Radicals just don't wake up one morning and decide to overthrow a government. It often takes many years of self-analysis, reflection, prayer, meditation, dialogue, and research before the ultimate stand against the status quo actually occurs. Hence, critical analysis is a major key to becoming a radical.

    2. Radical minded people seek personal freedoms, whether it's the freedom to own property, to vote, marry, run for public office, or to access public services. The act of being denied, restrained, impaired, or hindered is the octane fuel which drives the pursuit of freedom. Hence, radicalism is driven by the inherent desire to be free.

    Examples of past American concepts of radicalism include the abolitionist movement, feminism struggle, civil rights era, and now the gay rights fight for equal protection as well as the right and the freedom to marry.

    Just as slaves did not have any personal freedoms, women did not have the right to vote, and several generations later blacks were still fighting for full equality under the U.S. constitution; the theme which runs similar in all of these instances is "freedom." The desire to be free.

    Further, radical minded people not only seek their own personal freedoms, they also seek freedoms for others even at the cost of retaliation against themselves.

    3. Contrary to popular belief, radical minded people are actually very patient people. Social movements can take many years to build and to execute.

    A true radical understands that revolutions and evolutions within society do not occur overnight or within the next calendar year.

    Hence, radical minded people are strategic thinkers as well as critical thinkers. They strategically and critically assess the social changes which must take place and then move forward in multiple ways, methods, and fashions to achieve it.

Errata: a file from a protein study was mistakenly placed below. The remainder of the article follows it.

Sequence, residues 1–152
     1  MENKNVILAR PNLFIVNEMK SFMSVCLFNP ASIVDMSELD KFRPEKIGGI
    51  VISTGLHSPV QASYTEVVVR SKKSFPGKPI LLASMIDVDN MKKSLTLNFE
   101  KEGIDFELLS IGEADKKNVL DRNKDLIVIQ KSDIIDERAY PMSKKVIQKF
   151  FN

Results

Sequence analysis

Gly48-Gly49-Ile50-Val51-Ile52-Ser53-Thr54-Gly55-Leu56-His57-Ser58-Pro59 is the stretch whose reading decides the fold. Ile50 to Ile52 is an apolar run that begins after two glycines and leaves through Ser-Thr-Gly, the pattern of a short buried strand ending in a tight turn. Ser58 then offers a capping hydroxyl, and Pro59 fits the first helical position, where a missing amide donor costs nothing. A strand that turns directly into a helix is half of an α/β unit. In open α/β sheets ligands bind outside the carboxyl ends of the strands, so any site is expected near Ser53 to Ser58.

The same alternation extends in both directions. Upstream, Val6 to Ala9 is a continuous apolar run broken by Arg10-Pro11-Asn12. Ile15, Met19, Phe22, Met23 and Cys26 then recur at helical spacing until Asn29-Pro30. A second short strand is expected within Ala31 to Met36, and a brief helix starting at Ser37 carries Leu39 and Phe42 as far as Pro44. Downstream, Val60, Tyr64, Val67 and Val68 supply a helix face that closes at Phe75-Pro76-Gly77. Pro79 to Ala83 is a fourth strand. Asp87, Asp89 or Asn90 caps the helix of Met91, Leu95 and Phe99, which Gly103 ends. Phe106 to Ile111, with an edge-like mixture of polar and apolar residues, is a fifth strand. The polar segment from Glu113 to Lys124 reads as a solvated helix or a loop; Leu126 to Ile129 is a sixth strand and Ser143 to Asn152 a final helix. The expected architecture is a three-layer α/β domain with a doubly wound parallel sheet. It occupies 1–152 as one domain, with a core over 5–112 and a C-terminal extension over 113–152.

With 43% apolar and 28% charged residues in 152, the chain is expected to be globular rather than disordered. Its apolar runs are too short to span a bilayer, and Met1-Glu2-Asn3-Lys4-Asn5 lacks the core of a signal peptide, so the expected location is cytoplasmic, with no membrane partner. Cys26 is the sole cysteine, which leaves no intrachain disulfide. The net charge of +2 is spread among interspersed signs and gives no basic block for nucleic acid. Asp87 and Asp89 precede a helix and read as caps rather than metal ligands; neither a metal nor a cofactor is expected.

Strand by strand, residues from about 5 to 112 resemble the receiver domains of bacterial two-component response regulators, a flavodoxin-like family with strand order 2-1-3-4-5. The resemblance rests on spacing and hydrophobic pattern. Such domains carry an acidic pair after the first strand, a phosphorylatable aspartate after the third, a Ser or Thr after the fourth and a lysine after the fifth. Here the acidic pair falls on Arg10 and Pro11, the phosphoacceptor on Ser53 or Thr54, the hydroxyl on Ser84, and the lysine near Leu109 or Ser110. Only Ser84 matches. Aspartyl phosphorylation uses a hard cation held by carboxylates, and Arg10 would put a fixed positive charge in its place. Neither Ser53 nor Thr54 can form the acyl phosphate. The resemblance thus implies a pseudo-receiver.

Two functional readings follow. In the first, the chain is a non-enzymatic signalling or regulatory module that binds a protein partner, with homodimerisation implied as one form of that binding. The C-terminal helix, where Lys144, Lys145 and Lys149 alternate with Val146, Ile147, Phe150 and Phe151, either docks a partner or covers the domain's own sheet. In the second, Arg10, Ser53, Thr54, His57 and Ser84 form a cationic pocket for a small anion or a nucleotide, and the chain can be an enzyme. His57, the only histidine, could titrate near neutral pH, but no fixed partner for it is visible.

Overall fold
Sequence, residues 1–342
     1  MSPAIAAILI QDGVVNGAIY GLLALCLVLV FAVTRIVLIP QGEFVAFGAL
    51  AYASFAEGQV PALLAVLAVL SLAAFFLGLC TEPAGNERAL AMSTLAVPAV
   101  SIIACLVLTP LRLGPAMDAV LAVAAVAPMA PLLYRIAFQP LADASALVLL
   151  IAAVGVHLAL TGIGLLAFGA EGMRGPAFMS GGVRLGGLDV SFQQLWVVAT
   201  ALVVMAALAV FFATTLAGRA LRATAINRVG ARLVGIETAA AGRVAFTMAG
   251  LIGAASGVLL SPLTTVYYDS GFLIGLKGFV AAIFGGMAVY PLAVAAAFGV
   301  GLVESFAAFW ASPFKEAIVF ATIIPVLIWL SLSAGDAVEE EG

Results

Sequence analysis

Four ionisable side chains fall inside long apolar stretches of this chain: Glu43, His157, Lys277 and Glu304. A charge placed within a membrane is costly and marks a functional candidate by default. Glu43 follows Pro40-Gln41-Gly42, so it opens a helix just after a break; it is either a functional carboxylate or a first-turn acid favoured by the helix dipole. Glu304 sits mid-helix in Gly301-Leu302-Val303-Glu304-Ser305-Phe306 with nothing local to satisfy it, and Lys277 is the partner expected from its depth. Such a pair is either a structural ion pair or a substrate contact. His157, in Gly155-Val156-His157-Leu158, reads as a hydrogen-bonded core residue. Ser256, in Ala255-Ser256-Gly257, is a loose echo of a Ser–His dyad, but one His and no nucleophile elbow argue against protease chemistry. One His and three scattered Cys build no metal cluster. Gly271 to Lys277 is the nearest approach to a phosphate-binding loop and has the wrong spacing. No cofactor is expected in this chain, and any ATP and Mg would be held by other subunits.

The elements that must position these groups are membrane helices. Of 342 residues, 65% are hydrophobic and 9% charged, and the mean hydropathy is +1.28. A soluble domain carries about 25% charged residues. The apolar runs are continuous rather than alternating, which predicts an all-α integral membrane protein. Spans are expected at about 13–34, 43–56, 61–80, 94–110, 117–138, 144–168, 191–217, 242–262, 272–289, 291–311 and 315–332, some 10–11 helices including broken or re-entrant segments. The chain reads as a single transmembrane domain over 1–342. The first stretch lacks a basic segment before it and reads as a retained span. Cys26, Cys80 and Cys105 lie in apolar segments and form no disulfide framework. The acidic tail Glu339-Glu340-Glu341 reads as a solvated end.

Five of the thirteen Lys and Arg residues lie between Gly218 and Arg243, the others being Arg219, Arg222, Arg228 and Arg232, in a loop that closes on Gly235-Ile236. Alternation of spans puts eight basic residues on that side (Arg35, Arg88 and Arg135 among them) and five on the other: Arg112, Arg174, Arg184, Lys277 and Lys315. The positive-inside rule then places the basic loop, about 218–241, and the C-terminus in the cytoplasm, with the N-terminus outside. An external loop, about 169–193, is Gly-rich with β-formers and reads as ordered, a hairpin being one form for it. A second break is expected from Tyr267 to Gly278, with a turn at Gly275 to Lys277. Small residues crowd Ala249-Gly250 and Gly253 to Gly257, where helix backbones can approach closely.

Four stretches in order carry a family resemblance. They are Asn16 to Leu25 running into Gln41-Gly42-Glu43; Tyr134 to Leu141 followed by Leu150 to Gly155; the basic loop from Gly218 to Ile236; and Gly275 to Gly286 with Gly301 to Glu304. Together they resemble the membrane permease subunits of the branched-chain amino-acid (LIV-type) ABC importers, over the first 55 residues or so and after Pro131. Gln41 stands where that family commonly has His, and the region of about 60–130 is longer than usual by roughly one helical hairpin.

4. Finally, radical minded people understand that it really isn't about them per se, but instead they recognize and understand that its about allowing a greater power, a greater plan, and a greater pathway to flow though their existence into a glorious fruition.

    Radical minded people accept that they might not actually reap the total rewards and benefits of their efforts, but instead understand that each and every generation which follows them will. Thus radicals are the social architects which build, construct, and solidify a new world order for the entirety of mankind.

    So when I reflect upon this interpretation of what it means to be a radical and in my case, a gay radical, then I proudly sign up for the label and all that goes with it.

    To be the change that is needed, to be catalyst which ignites, and to be the finger of the hand of God which moves its divine will throughout the course of time is more than enough payoff for me. So I'm hanging on for the ride!


    Herndon L. Davis is an inspirational author, lecturer, and TV Host. He can be reached directly at http://herndondavis.com

    Copyright © by the author
    All Rights Reserved